Concentrations of IL-10 in preterm human milk and in milk from mothers of infants with necrotizing enterocolitis
Article first published online: 2 JAN 2007
Volume 93, Issue 11, pages 1496–1500, November 2004
How to Cite
Fituch, C., Palkowetz, K., Goldman, A. and Schanler, R. (2004), Concentrations of IL-10 in preterm human milk and in milk from mothers of infants with necrotizing enterocolitis. Acta Paediatrica, 93: 1496–1500. doi: 10.1111/j.1651-2227.2004.tb02636.x
- Issue published online: 2 JAN 2007
- Article first published online: 2 JAN 2007
- Received July 31, 2003; revision received Feb. 20, 2004; accepted May 10, 2004
- human milk;
- necrotizing enterocolitis;
- premature infant
Background: Despite the protective effects of human milk against necrotizing enterocolitis, the incidence is highest in the extremely premature infant, and only minimally decreased with feeding human milk. This suggests that certain protective agents may be lower in milk from mothers delivering extremely premature infants. The anti-inflammatory cytokine IL-10 was one possibility. Aim: We hypothesized that low concentrations of IL-10 in preterm milk contribute to the development of necrotizing enterocolitis in extremely premature infants. Methods: IL-10 in human milk collected at weeks 1, 2, and 4 postpartum was measured by ELISA in mothers of infants born extremely premature at 23–27 wk gestation (group EP), premature at 32–36 wk gestation (group P), and term at 38–42 wk gestation (group T). Single milk samples were collected from a separate group of mothers whose infants developed necrotizing enterocolitis. Results: There were no significant differences in concentrations of milk IL-10 among groups EP, P, or T. Concentrations of IL-10 declined as lactation progressed (p > 0.001). IL-10 in milk was frequently undetected in all groups, but even more so in the milk of the group of women whose infants had necrotizing enterocolitis (86%) than in groups EP (40%) and P (27%) (p > 0.01).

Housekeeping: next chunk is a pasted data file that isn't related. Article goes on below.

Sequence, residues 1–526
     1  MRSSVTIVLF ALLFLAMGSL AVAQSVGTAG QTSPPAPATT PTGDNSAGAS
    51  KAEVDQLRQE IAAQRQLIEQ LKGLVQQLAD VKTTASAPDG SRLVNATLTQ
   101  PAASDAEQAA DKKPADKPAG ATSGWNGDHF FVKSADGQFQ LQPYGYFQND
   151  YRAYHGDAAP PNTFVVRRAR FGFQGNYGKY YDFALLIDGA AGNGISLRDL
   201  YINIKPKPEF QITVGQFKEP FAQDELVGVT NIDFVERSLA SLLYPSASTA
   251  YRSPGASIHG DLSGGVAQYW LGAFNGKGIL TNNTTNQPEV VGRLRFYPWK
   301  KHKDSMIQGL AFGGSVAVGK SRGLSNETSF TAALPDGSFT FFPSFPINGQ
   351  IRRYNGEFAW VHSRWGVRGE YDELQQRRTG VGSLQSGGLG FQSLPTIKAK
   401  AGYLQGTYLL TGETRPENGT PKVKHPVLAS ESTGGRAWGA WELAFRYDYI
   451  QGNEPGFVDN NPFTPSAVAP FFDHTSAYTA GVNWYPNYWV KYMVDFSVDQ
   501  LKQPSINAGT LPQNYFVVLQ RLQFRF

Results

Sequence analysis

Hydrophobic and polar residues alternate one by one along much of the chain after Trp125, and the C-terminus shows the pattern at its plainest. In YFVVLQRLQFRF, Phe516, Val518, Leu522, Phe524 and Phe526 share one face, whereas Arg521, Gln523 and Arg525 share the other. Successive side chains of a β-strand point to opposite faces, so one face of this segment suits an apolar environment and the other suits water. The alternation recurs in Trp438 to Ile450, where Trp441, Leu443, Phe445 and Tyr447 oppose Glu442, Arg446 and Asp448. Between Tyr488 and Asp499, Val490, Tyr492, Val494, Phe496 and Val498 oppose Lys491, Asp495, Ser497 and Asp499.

Conclusion: IL-10 was present in preterm milk from most women, and the concentrations in preterm and term milk were not significantly different. A paucity of IL-10 in human milk was found in certain mothers in each group, especially in those whose infants developed necrotizing enterocolitis.